Data Snack: Credit cards are earning higher satisfaction scores – but still losing share of spend to competitors
- Primary card share of spend has fallen to 42%, with customers shifting to novel alternatives like BNPL.
- Customer experience metrics like call center hold times indicate that issuers need to revisit critical stages in the customer journey to ensure loyalty in the face of competition.
2022 has been a mixed bag for credit cards, with issuers making use of the latest and greatest in technology to reach more consumers than ever before, but still struggling to keep adversaries like BNPL, debit cards, and cash at bay.
Source: J.D. Power
Recent research by J.D. Power has much to unveil about this predicament. As the image above shows, despite high satisfaction, credit cards have experienced a marked decrease in spend over the past year. This trend remains the same when you scope out and look at the big picture. In the last five years, credit cards have lost a large chunk of spend to debit cards and cash, and it isn’t immediately clear why.
John Cabell, managing director of payments intelligence at J.D. Power, hypothesizes that while a disruption in consumer spending due to the pandemic may be at play, another reason for this decrease is the rise of alternative payment methods like BNPL.
Our recent coverage unpacks the CFPB report on BNPL, but it leaves out the role this product plays in the lifecycle and value of credit cards. Over the past five years, credit cards have lost their lion’s share of spend not because of stagnancy or lack of innovation, but because of an active search for an alternative on the part of customers. Among the issuers that have lost the biggest chunk of spend, national issuers and co-branded cards top the list, losing five and six points respectively over the last year. And even though customer satisfaction with credit cards is higher than ever before, it doesn’t mean all creases have been ironed out.
Source: J.D. Power
For example, the chart above shows the call center hold times and performance metrics. Over the past five years, the average hold time has increased by 3.1 minutes. At the same time, other call center performance metrics tracked by J.D. Power have noted a fall in numbers. This year, consumers found agents to be less prepared to provide the correct information, and noticed more instances of them providing the same information more than once – with one respondent adding:
“I know the point is technology-driven banking, but being able to talk to a TRAINED bank assistant sometimes would be nice. Instead, what we get is some poor soul in a call center reading scripts off a computer, and the only information they can provide me is what's easily attainable on the app or website.”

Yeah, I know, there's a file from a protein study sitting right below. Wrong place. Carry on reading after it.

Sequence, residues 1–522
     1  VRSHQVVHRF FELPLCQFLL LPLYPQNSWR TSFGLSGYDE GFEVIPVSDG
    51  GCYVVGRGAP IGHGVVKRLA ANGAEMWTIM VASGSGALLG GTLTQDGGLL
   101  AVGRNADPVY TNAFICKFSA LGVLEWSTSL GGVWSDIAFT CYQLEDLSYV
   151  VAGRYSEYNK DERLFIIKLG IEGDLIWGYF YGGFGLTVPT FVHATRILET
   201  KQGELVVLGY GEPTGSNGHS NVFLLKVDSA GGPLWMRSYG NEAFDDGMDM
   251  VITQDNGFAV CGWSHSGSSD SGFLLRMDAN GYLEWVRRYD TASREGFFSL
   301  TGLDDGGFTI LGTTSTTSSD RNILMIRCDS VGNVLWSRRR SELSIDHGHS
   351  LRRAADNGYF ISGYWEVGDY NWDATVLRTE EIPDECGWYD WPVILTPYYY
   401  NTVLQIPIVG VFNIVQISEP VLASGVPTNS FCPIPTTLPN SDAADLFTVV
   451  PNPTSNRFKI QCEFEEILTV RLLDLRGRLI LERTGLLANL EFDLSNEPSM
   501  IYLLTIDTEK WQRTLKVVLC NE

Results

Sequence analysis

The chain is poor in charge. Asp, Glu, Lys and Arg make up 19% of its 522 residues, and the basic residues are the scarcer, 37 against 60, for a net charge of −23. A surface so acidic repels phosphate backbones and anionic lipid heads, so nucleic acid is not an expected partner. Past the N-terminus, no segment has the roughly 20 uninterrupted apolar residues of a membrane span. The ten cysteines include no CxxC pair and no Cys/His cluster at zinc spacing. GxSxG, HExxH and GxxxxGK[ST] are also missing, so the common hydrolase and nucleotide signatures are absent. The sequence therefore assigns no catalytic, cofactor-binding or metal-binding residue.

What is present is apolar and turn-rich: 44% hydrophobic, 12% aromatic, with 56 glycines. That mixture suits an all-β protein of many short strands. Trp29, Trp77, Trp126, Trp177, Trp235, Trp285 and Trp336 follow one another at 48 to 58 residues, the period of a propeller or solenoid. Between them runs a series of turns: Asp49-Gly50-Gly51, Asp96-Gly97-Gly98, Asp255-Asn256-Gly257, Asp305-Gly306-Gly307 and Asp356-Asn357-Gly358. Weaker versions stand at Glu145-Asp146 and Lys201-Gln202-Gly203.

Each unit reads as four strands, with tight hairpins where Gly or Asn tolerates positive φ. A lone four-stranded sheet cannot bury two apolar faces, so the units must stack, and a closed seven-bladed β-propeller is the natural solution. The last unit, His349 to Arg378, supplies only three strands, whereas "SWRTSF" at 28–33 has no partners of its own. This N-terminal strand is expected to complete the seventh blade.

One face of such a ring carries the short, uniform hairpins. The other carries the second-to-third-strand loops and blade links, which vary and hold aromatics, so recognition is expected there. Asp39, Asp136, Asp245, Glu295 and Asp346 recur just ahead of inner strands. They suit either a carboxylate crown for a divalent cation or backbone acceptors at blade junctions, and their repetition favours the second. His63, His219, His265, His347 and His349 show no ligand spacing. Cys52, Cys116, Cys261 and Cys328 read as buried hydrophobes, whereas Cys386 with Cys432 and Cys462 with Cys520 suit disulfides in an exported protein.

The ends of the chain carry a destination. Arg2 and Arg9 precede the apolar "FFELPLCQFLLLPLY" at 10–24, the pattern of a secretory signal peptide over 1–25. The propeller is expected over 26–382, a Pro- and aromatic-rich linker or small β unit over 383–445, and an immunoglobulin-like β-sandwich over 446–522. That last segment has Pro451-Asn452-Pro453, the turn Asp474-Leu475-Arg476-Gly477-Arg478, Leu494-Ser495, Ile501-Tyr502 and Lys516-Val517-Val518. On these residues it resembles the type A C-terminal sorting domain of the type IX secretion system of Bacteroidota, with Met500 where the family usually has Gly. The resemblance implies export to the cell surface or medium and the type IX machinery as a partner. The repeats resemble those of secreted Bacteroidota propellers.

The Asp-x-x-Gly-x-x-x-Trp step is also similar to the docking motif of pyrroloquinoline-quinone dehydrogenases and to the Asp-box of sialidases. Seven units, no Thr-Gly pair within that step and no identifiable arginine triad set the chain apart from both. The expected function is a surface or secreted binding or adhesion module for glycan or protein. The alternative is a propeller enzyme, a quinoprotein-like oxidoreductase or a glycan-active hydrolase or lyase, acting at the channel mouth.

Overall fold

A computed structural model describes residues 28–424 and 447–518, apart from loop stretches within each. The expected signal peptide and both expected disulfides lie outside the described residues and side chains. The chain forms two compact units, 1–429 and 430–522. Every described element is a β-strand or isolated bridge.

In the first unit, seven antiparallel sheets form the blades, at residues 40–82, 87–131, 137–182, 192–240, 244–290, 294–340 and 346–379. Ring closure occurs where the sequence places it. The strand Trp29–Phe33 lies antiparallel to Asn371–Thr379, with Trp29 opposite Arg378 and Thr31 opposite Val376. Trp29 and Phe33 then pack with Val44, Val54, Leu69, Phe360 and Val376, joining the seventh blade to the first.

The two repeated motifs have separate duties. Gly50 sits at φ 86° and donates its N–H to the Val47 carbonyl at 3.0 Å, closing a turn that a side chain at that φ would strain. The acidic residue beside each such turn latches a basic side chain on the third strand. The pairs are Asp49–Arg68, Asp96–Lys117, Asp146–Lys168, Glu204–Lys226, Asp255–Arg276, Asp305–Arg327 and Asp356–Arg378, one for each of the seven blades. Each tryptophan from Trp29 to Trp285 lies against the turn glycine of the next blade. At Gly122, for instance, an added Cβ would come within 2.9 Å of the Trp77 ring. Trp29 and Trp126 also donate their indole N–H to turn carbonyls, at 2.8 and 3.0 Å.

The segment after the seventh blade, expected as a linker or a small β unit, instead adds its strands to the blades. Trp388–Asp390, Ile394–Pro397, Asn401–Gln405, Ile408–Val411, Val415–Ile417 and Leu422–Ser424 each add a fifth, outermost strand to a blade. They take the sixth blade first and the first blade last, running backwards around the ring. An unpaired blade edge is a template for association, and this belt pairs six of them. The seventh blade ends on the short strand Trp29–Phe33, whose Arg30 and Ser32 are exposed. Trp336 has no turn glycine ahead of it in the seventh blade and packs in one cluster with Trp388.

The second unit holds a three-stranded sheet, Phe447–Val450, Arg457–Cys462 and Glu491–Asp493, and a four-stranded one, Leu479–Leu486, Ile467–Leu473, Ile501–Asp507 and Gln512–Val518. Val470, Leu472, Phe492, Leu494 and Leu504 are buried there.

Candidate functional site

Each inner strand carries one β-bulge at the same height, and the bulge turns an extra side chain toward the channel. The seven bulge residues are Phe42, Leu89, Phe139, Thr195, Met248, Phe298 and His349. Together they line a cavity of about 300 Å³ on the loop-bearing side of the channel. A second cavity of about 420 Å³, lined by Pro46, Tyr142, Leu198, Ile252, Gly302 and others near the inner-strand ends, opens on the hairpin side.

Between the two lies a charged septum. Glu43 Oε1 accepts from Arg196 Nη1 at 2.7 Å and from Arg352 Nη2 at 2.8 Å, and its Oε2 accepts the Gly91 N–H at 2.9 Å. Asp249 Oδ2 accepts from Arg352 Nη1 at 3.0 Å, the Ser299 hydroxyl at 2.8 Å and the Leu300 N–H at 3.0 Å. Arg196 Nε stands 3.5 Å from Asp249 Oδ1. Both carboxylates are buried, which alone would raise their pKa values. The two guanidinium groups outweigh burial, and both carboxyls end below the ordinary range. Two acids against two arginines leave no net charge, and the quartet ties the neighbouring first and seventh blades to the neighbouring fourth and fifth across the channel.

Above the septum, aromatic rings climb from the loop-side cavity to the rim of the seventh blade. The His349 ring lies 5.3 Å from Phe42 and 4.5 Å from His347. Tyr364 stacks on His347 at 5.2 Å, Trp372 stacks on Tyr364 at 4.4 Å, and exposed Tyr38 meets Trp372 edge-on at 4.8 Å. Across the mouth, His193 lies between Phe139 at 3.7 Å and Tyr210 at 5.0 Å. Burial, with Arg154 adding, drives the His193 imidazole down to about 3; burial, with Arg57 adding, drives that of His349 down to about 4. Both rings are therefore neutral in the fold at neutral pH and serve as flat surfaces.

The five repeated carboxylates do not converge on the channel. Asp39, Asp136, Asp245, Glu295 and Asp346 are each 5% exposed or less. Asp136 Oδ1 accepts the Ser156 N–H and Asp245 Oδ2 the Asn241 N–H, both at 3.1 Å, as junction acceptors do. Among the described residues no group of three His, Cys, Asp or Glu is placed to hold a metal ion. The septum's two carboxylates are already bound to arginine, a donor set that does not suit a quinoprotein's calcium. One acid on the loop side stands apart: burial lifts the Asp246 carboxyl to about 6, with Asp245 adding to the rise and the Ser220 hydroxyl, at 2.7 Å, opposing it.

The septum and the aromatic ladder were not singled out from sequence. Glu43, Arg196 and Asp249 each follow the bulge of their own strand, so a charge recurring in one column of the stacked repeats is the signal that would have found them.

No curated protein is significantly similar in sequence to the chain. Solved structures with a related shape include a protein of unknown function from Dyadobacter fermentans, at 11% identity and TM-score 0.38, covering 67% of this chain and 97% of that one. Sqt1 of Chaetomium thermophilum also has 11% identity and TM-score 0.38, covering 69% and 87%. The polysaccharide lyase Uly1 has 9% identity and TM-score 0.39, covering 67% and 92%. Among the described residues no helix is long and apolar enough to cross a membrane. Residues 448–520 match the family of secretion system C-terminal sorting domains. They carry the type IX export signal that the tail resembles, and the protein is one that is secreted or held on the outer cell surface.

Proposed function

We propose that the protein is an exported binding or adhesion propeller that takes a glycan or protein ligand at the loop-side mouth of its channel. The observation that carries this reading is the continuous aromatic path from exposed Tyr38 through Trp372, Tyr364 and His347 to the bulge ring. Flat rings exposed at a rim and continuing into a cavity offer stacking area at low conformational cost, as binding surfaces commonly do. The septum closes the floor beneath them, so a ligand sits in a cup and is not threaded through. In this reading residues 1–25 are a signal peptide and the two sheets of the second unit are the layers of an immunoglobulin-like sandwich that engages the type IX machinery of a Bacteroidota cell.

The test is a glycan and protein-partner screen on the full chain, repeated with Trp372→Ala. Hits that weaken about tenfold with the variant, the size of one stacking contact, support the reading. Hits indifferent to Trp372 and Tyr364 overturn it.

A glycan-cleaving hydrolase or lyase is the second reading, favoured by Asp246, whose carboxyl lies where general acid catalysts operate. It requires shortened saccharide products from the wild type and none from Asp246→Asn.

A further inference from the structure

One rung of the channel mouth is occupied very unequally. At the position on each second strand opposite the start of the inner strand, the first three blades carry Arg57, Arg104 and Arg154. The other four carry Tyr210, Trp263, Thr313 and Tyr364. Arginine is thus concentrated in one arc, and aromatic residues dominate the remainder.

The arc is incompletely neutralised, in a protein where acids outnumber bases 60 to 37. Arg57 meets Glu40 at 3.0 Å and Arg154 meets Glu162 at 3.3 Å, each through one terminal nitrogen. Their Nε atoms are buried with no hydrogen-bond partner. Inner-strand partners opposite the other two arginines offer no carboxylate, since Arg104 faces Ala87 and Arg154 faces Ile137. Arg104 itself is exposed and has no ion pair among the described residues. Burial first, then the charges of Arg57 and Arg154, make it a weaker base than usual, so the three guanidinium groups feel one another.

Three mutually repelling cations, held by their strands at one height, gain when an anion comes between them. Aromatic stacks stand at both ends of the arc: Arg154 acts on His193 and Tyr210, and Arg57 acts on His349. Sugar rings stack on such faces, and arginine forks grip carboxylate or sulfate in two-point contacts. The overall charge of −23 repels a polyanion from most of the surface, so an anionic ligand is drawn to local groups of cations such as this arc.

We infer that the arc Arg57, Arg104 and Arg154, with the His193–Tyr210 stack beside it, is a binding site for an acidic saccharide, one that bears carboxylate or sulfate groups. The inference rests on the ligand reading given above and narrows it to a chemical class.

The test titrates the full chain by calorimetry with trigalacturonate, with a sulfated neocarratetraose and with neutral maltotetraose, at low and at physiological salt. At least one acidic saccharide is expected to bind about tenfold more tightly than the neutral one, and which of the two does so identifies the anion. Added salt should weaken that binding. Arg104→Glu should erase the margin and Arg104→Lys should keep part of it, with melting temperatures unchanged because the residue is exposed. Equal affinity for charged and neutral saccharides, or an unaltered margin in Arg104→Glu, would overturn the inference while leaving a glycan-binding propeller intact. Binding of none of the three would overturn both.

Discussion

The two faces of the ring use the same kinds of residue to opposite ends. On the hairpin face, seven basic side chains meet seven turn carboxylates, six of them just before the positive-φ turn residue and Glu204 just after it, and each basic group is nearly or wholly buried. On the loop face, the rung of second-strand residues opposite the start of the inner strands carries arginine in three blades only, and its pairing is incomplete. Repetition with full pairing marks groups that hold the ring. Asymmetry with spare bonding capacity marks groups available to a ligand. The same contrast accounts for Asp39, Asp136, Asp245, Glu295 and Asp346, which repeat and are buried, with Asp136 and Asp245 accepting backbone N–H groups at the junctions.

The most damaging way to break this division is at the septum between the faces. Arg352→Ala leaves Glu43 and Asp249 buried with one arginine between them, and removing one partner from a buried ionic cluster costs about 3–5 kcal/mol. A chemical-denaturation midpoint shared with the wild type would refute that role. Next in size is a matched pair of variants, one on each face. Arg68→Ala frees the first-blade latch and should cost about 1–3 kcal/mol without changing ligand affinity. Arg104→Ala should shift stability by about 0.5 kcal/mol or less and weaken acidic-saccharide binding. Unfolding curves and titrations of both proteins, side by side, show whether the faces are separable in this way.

In the same vein, the research found that even though credit card issuers may have been working on communicating information about rewards programs and benefits, this information is not necessarily reaching consumers. Understanding of rewards programs in areas like travel, retail, and co-branded cards has taken the biggest hit, with each losing 9-10 points. That’s not all – consumers also feel a gap between the kind of purchases issuers reward and the kind they like to make often, with only 31% feeling that their frequent purchases maximize reward earning.
All of this doesn’t mean that traditional players like Bank of America or Discover aren’t pushing to meet consumers where they are. For instance, Bank of America has made a concerted effort to introduce customizable rewards and flexibility in their credit card products. “Discover and American Express have long-standing customer affinity, and they also have very strong product and interaction features. Benefits was a big area of improvement this year for brands like American Express,” said Cabell.
Customers in focus
It's important to note that those hopping over to BNPL to avoid high fees and payments on credit cards are relying on debit cards and cash to make their BNPL payments. This means that the share of spend that leaves the credit card realm for BNPL doesn’t circle back to it at any point in the payment cycle. Moreover, consumer advocates warn against paying for credit with credit, which can in turn set off a toxic cycle of revolving debt. Unfortunately, the jump over to BNPL isn’t a simple one. Despite many consumers of credit cards deferring to alternative methods, Cabell points out that quite a few of these customers are faced with the same cycle of high late fees and interest after making the switch.
This, coupled with the tribulations of the pandemic, has had a notable impact on consumer financial health, with more consumers reporting financial stress than before. At the moment, BNPL players are enjoying a gap in regulation and competition, which may be closing quickly in the coming months. For example, with the recent CFPB study, many speculate impending regulatory oversight in this space.
Similarly, as issuers grow more cognizant of consumer struggles post-pandemic, many are changing their modus operandi in favor of consumers and finally shifting away from charging late fees. “Issuers are now figuring out ways to help consumers budget and manage their funds. In the financial space today, there is more of an element to be responsible with consumers and not just push products that are ripe with fees and interest rates,” said Cabell.
Given the legacy of credit cards, BNPL players have their job cut out for them. However, if known pain points within the customer experience (such as hold times in call centers) aren’t resolved quickly, credit card issuers run the risk of pushing more customers towards alternatives. The coming months will be critical indicators of how issuers, regulators and customers alike are responding to this evolving landscape of payments. Stay tuned.